Here at Wine Republic we focus on sustainable, organic and biodynamic wines. We also look for the best people to surround ourselves with and our intern is no exception, she's a killer. Today she schools us on wine chemistry.
(Bio)Chemistry 101: Winemaking Style!
Chances are most people on the street with at least a high school education are familiar with the basic concepts of general chemistry; chemical reactions have inputs and outputs, where the inputs, known as the reactants, come together to form an entirely different chemical compound(s), known as the product. As most people know, winemaking is no exception.
The fermentation process itself is probably most familiar to any person with a surface-level knowledge of wine and spirits. However before we can get to that step, the real science begins with knowing when to harvest the grapes. Winemakers must have quite the green thumb, at least when it comes to grapevines. In order to create the best product possible, the grapes must be harvested when the balance of sugar, phenolics (such as tannins that give wine its dryness and color), acid, and aroma compounds are just right for the style of wine which is to be produced. Some wines, such as many white varietals, will require higher levels of acid and lower sugar, whereas other varietals may need a higher sugar content and minimal acid. As a general rule-of-thumb, sugar levels will go up as the grape spends more time on the vine. This comes from the storage of carbohydrates that builds up in the roots and trunk of the grapevines as more and more photosynthesis occurs due to continued sun exposure. In a similar fashion, as these sugar levels rise, acidity tends to diminish due to the use of this acid in cellular respiration which coincides with a rise in potassium levels; all this leads to a rise in the pH within the fruit. Sugar levels are not only important in determining the sweetness of the wine that is to be produced, but also the overall alcohol content. More sugar available means more alcohol can be produced from that sugar.
Directly before fermentation, the grapes must be removed from the vine and crushed. This process is time-sensitive, as once a grape is plucked from the vine, it is cut off from continued nutrient supply and begins to turn to vinegar. During this step, sulfur dioxide is added to the crushed grapes to prevent oxidation and maintain purity of the product by preventing growth of bacteria (ick!). At this point, enzymes can also be added to help break down the skins of the grapes and release more juice.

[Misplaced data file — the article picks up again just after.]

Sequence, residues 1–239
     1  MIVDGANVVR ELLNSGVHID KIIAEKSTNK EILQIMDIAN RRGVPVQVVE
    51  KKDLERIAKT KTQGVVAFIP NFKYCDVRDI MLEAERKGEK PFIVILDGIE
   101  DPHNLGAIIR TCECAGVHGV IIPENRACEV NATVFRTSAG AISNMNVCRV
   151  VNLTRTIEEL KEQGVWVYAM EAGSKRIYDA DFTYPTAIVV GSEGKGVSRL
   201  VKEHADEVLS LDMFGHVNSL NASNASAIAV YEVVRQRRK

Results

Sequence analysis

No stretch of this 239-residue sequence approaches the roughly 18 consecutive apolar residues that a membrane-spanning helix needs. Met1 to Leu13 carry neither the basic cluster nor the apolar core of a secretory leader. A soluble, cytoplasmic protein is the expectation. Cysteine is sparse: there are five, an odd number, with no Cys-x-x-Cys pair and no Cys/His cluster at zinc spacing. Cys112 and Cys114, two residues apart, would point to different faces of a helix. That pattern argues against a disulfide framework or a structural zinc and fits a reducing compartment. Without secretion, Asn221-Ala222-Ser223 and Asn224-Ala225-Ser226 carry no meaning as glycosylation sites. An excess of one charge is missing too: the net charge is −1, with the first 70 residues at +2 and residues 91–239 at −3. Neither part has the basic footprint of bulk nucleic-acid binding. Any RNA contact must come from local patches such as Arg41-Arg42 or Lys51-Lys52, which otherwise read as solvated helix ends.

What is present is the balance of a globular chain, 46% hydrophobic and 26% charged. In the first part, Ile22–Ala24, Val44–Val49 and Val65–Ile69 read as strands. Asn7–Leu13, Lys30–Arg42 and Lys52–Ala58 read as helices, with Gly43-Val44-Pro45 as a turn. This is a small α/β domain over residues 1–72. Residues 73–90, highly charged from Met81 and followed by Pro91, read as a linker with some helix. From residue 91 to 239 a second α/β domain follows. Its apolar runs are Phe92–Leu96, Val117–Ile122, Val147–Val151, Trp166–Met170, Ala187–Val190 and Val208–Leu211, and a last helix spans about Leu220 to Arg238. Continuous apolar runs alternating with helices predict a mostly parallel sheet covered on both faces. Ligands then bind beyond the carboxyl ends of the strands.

Now comes the fun part: fermentation! This step, as most know, is what produces the alcohol that makes wine exclusive to us folks that are lucky enough to be 21+. In order to jump-start the process, live yeast is added to the mixture. This yeast facilitates the fermentation process by feeding on the sugars in the mixture. For those science nerds out there, here is the overall equation:
C6H12O6 —> 2C2H5OH + 2CO2
For those who do not consider themselves science nerds, here’s the breakdown: Glucose sugar (the most common sugar used in metabolism of living cells, including us) is fermented by the yeast to produce alcohol and carbon dioxide. This process doesn’t happen all at once, but rather in a series of complicated steps. This process can vary in length, but usually takes about 2-3 weeks in total. This process must be actively stopped, however. This can be done in a variety of ways such as via chemical additives (like potassium sorbate), rapid change in temperature to “stun-kill” the yeast, or fortification by adding a higher alcohol.
Once fermentation is completed, professional winemakers will purify the product. This can be thought of as filtering the wine, but often times to a much higher and complex level that allows for the removal of microorganisms, unwanted salts, and unwanted solids. Although much of this is filtered out, many minerals are still retained in the wine, which become a characteristic aspect of its taste. In general, 0.4% of the weight of the grapes can be attributed to mineral compounds such as magnesium, phosphate, and potassium, which are picked up from the soil during growth on the vine. These compounds not only contribute to flavor, but also are important key-players in the intermediate steps of the fermentation process as well.
So this fermentation process gives wine its taste, but what about the aroma? As any wine-lover knows, not all wines are equal, especially when it comes to the nose. Chemically speaking, the scent of a wine comes from a group of compounds called monoterpenes. These chemicals are responsible for many of the floral and fruity scents that we so love. However, these monoterpenes are not the only player in the scent game. Another important chemical reaction occurs in oak aging. When the skins of the fruit hit the oak of a barrel, one of two important reactions can occur depending on the type of grape. In white wines, contact of the skin to the oak causes the formation of a compound known as diacetyl, which gives the characteristic buttery nature that is found in many wines such as oaked Chardonnay. In red wines, this same contact triggers the formation of vanillin, which, just as it sounds, is responsible for the vanilla hint that many oaked reds carry.
In short, there is indeed a complex and extensive chemical science behind the flavors, sensations, and smells that make up a good quality wine. The beauty in this process is how all of these chemicals interact dynamically, and how winemakers can vary their processes to “tweak” the overall composition of the wine just by letting chemistry take its course.